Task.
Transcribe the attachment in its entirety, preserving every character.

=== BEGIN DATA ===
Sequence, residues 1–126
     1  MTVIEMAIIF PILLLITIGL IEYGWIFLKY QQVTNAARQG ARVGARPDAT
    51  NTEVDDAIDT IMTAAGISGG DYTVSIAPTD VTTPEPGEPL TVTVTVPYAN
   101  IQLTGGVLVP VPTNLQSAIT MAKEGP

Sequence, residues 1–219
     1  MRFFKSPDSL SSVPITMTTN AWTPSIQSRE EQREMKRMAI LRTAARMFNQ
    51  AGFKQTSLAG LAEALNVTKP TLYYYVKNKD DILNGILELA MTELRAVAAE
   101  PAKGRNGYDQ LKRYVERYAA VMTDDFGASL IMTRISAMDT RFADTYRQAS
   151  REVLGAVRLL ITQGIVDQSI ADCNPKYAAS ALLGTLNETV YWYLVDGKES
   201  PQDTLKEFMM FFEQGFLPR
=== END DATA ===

Sequence, residues 1–126
     1  MTVIEMAIIF PILLLITIGL IEYGWIFLKY QQVTNAARQG ARVGARPDAT
    51  NTEVDDAIDT IMTAAGISGG DYTVSIAPTD VTTPEPGEPL TVTVTVPYAN
   101  IQLTGGVLVP VPTNLQSAIT MAKEGP

Sequence, residues 1–219
     1  MRFFKSPDSL SSVPITMTTN AWTPSIQSRE EQREMKRMAI LRTAARMFNQ
    51  AGFKQTSLAG LAEALNVTKP TLYYYVKNKD DILNGILELA MTELRAVAAE
   101  PAKGRNGYDQ LKRYVERYAA VMTDDFGASL IMTRISAMDT RFADTYRQAS
   151  REVLGAVRLL ITQGIVDQSI ADCNPKYAAS ALLGTLNETV YWYLVDGKES
   201  PQDTLKEFMM FFEQGFLPR